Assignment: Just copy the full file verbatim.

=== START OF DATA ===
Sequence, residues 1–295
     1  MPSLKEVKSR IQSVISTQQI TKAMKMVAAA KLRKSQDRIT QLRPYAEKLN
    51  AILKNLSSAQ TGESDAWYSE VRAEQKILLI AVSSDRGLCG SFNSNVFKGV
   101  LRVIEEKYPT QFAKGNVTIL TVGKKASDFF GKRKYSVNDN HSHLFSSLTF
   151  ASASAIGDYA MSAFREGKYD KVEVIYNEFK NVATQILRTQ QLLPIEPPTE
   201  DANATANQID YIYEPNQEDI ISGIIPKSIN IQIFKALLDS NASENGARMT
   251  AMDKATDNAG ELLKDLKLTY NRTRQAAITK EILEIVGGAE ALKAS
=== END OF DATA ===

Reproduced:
Sequence, residues 1–295
     1  MPSLKEVKSR IQSVISTQQI TKAMKMVAAA KLRKSQDRIT QLRPYAEKLN
    51  AILKNLSSAQ TGESDAWYSE VRAEQKILLI AVSSDRGLCG SFNSNVFKGV
   101  LRVIEEKYPT QFAKGNVTIL TVGKKASDFF GKRKYSVNDN HSHLFSSLTF
   151  ASASAIGDYA MSAFREGKYD KVEVIYNEFK NVATQILRTQ QLLPIEPPTE
   201  DANATANQID YIYEPNQEDI ISGIIPKSIN IQIFKALLDS NASENGARMT
   251  AMDKATDNAG ELLKDLKLTY NRTRQAAITK EILEIVGGAE ALKAS